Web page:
Tax day 2011: Four ways to protect your tax returns from data thieves

Tax-related identity theft is the fastest growing kind of identity theft. Between 2005 and 2009 complaints to the Federal Trade Commission tripled from 11,000 to nearly 34,000, according to a Scripps Howard News Service investigation. Thieves steal personal information to use for themselves or sell, or they take it to divert a tax refund into their own pockets. Identity theft, as a whole, is on the decline, but the abundance of personal information in circulation during tax season makes it a prime time for thieves to strike. Here are four tips for keeping your information safe:

1. Store and send electronic documents with caution

Jacquelyn Martin / AP / File
Bryan Tillman works on a computer in southeast Washington, Friday, April 1, 2011. Using a computer to store or send tax-related documents can be risky.

If you’re planning to store any sensitive personal information on your computer, first make sure it’s virus free. If your computer is infected with malicious software, it’s possible for somebody else to steal documents or record your keystrokes.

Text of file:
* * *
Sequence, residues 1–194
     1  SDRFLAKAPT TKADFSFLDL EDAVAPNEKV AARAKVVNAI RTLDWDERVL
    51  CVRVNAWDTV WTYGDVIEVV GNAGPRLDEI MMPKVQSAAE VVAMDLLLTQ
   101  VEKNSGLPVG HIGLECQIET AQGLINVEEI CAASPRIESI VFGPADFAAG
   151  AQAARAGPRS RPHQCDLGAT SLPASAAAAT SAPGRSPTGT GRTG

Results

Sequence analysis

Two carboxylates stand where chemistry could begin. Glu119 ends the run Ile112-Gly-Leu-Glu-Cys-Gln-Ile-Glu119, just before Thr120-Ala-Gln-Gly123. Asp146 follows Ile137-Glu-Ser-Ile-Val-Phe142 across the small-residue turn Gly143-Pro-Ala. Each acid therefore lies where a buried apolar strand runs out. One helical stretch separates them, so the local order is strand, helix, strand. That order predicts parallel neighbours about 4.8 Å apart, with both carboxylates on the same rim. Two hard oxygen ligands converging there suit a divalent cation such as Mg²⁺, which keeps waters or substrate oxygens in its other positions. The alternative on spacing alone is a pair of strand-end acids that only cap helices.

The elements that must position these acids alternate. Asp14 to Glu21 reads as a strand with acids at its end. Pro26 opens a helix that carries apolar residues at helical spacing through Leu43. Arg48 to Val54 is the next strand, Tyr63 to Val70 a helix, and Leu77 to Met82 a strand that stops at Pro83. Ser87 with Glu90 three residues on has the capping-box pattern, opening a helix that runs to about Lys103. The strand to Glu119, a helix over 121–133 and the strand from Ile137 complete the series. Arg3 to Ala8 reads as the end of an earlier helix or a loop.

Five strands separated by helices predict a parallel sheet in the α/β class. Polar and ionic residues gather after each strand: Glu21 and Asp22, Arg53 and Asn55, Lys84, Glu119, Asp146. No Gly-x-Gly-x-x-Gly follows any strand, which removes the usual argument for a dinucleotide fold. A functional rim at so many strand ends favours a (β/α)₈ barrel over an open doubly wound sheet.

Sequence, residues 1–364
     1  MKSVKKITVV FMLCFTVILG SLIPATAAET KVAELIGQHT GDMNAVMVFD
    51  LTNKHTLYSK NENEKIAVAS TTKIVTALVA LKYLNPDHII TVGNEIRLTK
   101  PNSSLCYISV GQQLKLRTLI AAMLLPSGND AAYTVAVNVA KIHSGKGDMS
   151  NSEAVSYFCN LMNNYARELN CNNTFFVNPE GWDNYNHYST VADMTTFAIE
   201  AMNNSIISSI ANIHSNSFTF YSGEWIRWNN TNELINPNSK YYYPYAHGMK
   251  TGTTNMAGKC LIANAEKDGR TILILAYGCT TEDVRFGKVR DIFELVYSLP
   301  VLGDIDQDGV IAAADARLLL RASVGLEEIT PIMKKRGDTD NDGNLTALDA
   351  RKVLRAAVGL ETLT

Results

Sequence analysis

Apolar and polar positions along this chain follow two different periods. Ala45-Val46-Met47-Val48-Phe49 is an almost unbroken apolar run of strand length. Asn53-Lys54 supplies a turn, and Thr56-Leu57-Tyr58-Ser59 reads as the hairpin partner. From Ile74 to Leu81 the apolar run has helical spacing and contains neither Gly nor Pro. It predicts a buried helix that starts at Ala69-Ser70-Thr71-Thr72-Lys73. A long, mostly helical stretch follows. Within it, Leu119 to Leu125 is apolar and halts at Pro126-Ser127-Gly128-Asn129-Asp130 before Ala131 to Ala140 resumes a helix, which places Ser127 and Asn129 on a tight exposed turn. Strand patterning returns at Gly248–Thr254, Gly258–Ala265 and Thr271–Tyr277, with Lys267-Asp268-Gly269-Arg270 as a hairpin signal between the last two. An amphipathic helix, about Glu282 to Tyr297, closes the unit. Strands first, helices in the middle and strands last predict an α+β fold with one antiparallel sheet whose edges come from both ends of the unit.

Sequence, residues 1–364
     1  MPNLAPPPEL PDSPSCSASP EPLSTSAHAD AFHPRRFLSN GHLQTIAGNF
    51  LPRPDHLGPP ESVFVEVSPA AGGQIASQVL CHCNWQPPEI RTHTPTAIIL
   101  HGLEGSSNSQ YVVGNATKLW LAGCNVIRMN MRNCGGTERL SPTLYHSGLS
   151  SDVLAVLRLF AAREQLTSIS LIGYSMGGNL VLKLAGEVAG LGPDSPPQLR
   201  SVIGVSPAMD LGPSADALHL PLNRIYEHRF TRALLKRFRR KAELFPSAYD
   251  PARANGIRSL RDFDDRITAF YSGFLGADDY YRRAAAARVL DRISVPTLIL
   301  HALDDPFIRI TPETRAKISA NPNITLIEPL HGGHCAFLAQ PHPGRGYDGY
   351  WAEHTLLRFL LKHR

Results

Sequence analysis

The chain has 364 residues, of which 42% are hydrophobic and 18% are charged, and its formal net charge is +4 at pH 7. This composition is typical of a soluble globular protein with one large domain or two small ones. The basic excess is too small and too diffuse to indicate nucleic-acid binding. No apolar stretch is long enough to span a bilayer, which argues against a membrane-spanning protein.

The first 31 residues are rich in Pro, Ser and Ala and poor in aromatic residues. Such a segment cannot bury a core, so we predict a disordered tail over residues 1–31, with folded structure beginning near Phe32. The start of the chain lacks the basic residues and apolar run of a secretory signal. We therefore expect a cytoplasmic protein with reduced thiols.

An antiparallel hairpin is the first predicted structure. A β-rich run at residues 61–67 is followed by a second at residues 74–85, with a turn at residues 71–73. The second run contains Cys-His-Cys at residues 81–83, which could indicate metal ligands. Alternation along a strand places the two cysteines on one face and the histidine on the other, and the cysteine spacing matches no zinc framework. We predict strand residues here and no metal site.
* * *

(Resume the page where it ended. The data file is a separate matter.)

“Anything that you send electronically or type electronically could potentially be gleaned by a thief,” says Denise Terry of

Ms. Terry says that if you’re using an accountant, it’s much safer to hand deliver electronic files on a USB, and if you must e-mail it, do so using a secure link. You should also make sure your accountant will delete or destroy the files after your return is submitted.

[Editor's note: The number of identity theft complaints to the FTC between 2005 and 2009 was not originally attributed to the Scripps Howard News Service. That statistic came from a Scripps analysis of 1.4 million complaints to the FTC that the news service obtained through the Freedom of Information Act.]

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